competent witnesses. For obvious reasons, it is desirable that the evidence
of an accomplice be corroborated. Frequently, however, this is not possible.
The law then requires that the magistrate warn himself that though he may act
upon the evidence of the accomplice, it is dangerous to do so in the absence
of corroboration. It is not in issue that the learned Magistrate warned
himself in this case.
30. Mr Bonnici referred in detail to the evidence given by McA in relation to
all the charges. It is clear to me that, as his Worship held, in his evidence
in chief McA places the appellant in each of the 3 houses, taking part in the
offences charged. McA was cross-examined very briefly and the only question
which related to the role of the appellant was as follows:-
"Is it true that you didn't actually see
(the appellant) do any damage to the water
31. Mr Bonnici submitted that the Magistrate had wrongly concluded that
because the evidence of the accomplices as to the appellant's presence had not
been challenged in cross-examination, it must be accepted as true, because of
the rule in Browne v Dunn (1893) 6 R 67 (HL). This amounts to a submission of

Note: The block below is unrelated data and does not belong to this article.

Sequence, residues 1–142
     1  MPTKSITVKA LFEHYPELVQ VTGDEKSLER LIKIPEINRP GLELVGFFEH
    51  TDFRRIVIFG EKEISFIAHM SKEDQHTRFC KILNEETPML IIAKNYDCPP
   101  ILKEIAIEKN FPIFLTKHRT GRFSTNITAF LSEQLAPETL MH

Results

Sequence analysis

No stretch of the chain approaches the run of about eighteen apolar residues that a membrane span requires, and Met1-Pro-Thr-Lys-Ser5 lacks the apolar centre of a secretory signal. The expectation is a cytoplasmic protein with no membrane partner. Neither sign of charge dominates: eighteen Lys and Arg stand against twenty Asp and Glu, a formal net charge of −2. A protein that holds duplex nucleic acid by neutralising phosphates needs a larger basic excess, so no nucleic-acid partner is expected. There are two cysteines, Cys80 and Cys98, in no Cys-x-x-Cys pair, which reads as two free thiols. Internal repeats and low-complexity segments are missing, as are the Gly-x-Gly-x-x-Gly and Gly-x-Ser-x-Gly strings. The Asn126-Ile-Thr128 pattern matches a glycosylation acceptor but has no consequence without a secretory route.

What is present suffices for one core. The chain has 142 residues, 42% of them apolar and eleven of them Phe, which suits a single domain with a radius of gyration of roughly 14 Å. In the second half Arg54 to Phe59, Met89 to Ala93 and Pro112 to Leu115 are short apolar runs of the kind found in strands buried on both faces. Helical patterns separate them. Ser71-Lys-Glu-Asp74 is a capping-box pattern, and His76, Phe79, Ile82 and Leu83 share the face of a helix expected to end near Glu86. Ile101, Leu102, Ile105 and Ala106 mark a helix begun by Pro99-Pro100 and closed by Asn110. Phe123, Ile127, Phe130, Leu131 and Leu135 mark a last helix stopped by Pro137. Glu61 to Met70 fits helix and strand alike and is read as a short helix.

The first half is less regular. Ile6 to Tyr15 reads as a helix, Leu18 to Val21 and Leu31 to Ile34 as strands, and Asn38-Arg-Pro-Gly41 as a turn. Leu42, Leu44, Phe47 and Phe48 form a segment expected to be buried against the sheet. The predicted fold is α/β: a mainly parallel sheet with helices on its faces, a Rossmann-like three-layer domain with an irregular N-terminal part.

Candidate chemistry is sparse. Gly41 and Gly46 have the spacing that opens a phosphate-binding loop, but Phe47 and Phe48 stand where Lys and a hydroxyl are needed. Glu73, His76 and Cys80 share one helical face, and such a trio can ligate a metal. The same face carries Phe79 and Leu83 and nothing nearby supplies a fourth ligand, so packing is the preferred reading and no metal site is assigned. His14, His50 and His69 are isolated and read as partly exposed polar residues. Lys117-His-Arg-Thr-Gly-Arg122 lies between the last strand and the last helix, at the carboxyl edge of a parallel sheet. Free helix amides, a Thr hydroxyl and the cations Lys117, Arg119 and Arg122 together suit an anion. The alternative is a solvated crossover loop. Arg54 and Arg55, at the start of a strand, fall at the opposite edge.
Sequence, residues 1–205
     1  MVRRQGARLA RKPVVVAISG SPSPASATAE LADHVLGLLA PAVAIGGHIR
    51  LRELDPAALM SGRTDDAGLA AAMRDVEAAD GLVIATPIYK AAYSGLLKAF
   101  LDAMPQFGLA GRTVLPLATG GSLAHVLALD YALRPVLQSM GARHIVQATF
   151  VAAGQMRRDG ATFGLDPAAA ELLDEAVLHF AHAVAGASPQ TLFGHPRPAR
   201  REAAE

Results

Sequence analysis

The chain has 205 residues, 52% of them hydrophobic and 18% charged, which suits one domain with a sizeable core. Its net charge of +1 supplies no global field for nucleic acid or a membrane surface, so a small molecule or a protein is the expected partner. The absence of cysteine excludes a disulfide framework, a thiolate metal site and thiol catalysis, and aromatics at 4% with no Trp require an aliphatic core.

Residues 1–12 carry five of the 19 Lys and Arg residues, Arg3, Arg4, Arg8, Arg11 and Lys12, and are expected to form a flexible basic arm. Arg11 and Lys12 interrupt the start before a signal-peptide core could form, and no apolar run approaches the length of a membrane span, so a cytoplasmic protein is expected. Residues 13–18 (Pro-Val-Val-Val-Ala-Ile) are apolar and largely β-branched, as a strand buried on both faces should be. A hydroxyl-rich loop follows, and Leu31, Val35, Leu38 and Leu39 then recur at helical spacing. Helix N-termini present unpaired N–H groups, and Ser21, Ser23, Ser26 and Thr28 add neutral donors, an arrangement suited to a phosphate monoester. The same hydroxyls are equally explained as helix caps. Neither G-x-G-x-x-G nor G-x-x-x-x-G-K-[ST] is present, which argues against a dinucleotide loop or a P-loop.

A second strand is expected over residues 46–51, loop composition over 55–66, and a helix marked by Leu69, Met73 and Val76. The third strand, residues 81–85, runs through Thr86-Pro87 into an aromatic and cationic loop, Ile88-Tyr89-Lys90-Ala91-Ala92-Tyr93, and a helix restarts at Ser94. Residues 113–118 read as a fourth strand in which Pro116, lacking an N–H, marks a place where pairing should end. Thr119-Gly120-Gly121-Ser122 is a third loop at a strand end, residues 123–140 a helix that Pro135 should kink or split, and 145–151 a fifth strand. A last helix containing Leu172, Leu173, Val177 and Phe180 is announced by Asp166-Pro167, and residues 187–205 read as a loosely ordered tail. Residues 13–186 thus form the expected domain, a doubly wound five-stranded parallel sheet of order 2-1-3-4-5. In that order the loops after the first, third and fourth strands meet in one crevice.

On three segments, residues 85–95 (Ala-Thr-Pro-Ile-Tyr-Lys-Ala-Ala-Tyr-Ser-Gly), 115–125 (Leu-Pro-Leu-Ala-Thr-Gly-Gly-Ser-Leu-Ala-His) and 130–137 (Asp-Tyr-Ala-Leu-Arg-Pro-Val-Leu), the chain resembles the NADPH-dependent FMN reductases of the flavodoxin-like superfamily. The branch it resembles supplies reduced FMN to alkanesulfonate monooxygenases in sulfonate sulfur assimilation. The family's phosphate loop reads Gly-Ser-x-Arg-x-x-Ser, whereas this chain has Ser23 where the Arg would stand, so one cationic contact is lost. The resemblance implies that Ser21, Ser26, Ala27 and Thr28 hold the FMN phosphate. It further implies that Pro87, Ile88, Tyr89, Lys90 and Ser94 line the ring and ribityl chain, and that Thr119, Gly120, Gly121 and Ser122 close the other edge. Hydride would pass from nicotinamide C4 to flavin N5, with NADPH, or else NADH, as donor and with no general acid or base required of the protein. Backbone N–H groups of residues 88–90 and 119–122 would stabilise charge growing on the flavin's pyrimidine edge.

error of law and should have been set out in the Notice of Appeal as a
separate ground; however, no objection was taken. In his submission the rule
in Browne v Dunn (supra) was of limited utility where the issue was
credibility, and the Magistrate had erred in relying heavily upon it since
here the issue was the credibility of an accomplice.
32. He referred to Tomas v Van Den Yssel (1976) 14 SASR 205 at 207 per Bray
C.J., as indicating the need to qualify the application of the rule in Browne
v Dunn (supra) when the question in issue is one of a witness's general
credit. His Honour there had in mind in particular the credit of a plaintiff
in an action for damages for personal injuries, in relation to his evidence
about his symptoms and incapacities. His Honour continued:-
"The rule in Browne v Dunn has much more
force when applied to evidence relating to a
particular fact or topic than when sought to be
applied to the general credit of the witness, though
even in the latter case the failure to cross-examine
at all may, in appropriate circumstances be taken as
an acceptance of the general credit of the witness."
I do not think that this carries Mr Bonnici's submission very far.
33. In Browne v Dunn (supra) the plaintiff failed to suggest in
cross-examination of the defendant's witnesses that a document they had signed
was a sham, that being the essence of the case he sought to make against the